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Creighton professor, alumnus co-author research on evictions in Omaha

Pierce GreenbergA Creighton University faculty member has partnered with a local attorney and Creighton alumnus to research how evictions in Omaha disproportionately affect communities of color.

Pierce Greenberg, PhD, assistant professor of sociology in the College of Arts and Sciences’ Department of Cultural and Social Studies, recently co-authored “Understanding Evictions in Omaha,” with attorney Gary Fischer, BA’75, JD’79. The project is a collaboration between Creighton’s Social Science Data Lab and Family Housing Advisory Services Inc., a nonprofit dedicated to helping people achieve housing security, where Fischer served as general counsel before retiring this summer.

Greenberg and Fischer were introduced through Palma Strand, JD, professor in the Graduate School. Fischer, who is married to Catherine Mahern, JD, the Connie Kearney Endowed Chair in Clinical Legal Education in the Creighton School of Law, had collected a number of eviction records from Nebraska courts.

Together, Fischer and Greenberg sorted through the public records, which Greenberg then used to create a heat map illustrating a stark reality: Most of the city’s evictions occur in areas that were historically segregated, particularly in parts of traditionally African American North Omaha and in public housing complexes in the southwestern edge of downtown Omaha.

“If you look at the map of evictions, you’ll see that they are very racially stratified, and are generally concentrated in the parts of town that have more people of color,” Greenberg says. “That’s sadly not surprising. But at the same time, I don’t think there’s been data of this sort to clearly illustrate that. And that’s my motivation for using maps to really show people where these hot spots are.”

Evictions, Greenberg says, have repercussions beyond housing instability. For example, children in families that are evicted are often forced to switch schools, leading to worse educational outcomes. Individuals who are evicted often move into group homes or experience homelessness, limiting their ability to socially distance and harming public health outcomes during the ongoing COVID-19 crisis.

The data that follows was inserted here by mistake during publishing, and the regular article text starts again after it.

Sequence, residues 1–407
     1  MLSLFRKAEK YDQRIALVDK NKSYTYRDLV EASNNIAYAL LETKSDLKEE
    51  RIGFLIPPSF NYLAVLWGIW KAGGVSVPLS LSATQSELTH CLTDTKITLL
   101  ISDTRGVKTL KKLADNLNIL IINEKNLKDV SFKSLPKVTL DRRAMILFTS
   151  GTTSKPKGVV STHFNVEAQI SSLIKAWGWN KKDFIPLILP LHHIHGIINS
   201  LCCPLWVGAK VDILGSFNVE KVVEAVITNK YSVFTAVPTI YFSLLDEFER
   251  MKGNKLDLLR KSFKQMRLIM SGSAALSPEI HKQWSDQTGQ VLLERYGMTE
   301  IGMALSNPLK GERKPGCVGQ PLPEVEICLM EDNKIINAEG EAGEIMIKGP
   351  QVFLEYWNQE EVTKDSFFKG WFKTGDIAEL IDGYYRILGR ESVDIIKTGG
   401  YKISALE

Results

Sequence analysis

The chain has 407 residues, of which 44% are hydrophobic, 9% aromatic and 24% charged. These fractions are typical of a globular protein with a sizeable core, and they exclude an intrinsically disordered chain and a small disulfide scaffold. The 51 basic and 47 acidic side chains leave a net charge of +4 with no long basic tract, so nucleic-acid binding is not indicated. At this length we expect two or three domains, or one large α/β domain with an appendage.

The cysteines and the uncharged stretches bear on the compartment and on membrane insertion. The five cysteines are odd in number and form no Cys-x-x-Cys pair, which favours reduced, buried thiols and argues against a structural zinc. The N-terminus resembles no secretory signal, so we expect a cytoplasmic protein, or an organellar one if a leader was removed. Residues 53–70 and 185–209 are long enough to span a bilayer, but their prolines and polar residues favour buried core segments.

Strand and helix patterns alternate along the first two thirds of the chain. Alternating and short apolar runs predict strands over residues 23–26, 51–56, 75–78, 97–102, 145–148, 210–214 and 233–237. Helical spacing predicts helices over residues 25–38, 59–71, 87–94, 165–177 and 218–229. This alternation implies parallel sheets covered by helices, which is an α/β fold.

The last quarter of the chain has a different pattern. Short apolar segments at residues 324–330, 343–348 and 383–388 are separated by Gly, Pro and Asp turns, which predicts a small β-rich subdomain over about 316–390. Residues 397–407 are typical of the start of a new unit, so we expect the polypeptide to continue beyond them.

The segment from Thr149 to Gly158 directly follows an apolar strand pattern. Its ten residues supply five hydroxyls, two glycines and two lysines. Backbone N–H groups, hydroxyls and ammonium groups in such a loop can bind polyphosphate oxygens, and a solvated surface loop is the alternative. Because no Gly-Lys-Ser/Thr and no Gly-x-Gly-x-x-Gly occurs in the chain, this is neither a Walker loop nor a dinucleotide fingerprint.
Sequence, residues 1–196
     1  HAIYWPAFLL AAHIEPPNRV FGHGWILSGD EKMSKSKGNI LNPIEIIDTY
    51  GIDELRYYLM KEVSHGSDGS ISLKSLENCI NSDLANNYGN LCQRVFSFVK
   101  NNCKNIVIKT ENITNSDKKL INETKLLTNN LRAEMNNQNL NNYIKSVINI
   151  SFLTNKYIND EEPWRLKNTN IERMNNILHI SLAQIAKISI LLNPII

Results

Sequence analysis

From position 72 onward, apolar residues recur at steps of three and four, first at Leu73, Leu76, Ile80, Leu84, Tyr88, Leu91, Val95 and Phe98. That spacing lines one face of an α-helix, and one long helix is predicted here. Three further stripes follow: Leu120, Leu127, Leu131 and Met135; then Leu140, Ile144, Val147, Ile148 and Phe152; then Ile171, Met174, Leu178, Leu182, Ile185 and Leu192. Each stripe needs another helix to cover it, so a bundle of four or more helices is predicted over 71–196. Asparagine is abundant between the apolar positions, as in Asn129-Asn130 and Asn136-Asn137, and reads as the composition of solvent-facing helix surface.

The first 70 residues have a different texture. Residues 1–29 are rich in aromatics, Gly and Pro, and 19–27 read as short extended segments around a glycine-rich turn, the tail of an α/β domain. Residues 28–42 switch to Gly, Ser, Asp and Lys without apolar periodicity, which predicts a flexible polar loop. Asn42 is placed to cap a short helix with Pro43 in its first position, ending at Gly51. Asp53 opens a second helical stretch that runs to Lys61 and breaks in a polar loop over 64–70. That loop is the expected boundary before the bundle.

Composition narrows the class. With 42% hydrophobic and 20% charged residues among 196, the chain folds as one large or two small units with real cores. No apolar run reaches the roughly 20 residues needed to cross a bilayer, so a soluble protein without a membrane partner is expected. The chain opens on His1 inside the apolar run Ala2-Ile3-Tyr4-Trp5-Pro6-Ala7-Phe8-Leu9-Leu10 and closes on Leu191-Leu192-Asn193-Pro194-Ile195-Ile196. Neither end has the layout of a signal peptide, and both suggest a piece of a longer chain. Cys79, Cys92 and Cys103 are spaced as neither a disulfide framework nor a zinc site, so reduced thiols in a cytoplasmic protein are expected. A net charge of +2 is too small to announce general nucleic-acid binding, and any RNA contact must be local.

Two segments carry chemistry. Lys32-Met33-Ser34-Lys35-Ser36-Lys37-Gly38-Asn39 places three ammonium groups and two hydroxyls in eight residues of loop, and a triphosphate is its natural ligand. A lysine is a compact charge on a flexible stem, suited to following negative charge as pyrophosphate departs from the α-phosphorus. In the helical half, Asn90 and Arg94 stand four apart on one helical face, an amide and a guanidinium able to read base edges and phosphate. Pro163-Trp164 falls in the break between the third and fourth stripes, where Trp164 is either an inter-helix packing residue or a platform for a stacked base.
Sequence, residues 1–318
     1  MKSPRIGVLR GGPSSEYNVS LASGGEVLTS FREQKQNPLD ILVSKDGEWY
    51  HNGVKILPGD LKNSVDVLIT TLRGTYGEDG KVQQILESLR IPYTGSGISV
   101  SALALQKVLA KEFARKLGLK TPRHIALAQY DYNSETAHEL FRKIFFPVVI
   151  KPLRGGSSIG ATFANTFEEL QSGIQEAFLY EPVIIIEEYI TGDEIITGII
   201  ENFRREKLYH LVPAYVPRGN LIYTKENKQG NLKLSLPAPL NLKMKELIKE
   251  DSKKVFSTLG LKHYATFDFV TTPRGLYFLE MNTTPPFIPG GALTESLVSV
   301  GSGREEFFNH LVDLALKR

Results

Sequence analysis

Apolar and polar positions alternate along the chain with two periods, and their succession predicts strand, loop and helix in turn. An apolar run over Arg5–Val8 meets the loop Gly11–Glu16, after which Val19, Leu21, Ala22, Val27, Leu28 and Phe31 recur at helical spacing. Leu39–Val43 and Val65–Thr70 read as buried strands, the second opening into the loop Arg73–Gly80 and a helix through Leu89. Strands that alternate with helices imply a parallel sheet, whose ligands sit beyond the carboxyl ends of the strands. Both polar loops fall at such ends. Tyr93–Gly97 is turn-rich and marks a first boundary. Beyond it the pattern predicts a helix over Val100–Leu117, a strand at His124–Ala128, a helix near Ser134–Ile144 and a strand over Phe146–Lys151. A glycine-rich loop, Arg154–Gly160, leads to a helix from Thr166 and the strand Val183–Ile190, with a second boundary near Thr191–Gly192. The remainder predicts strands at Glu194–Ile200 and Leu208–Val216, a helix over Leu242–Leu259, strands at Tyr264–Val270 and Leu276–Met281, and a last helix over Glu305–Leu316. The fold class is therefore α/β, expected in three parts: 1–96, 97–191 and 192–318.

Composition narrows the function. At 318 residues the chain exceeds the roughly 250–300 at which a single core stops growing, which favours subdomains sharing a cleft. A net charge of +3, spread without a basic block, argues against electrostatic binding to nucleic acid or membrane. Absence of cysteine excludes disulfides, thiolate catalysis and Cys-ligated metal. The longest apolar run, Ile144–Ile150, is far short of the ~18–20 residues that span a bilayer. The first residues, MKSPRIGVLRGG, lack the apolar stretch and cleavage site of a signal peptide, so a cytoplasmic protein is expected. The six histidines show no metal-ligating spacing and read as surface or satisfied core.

The report also cites research that indicates eviction can be a significant cause of poverty rather than merely a consequence. An eviction can disrupt a person’s future housing opportunities, result in a loss of possessions and damage credit.

The research, Greenberg says, is especially relevant given the economic downturn caused by the pandemic. Experts are expecting eviction cases to rise as those affected by job cuts and furloughs find themselves unable to pay rent. The report recommends potential solutions for lawmakers and community advocates, including reducing evictions of people living in subsidized housing and ensuring legal representation for people facing eviction.

“We just wanted to start the conversation,” Greenberg says, “and start it grounded with the evidence that these racial disparities do exist. And we hope that this leads to more conversation about this, and that it becomes the basis for action and policy change that can help reduce this problem.”

The project was supported by the Creighton Kingfisher Institute’s Research Fellows program. Greenberg’s research was also funded in part by the President’s Distinguished Curriculum Innovation and Pedagogical Research Grant.

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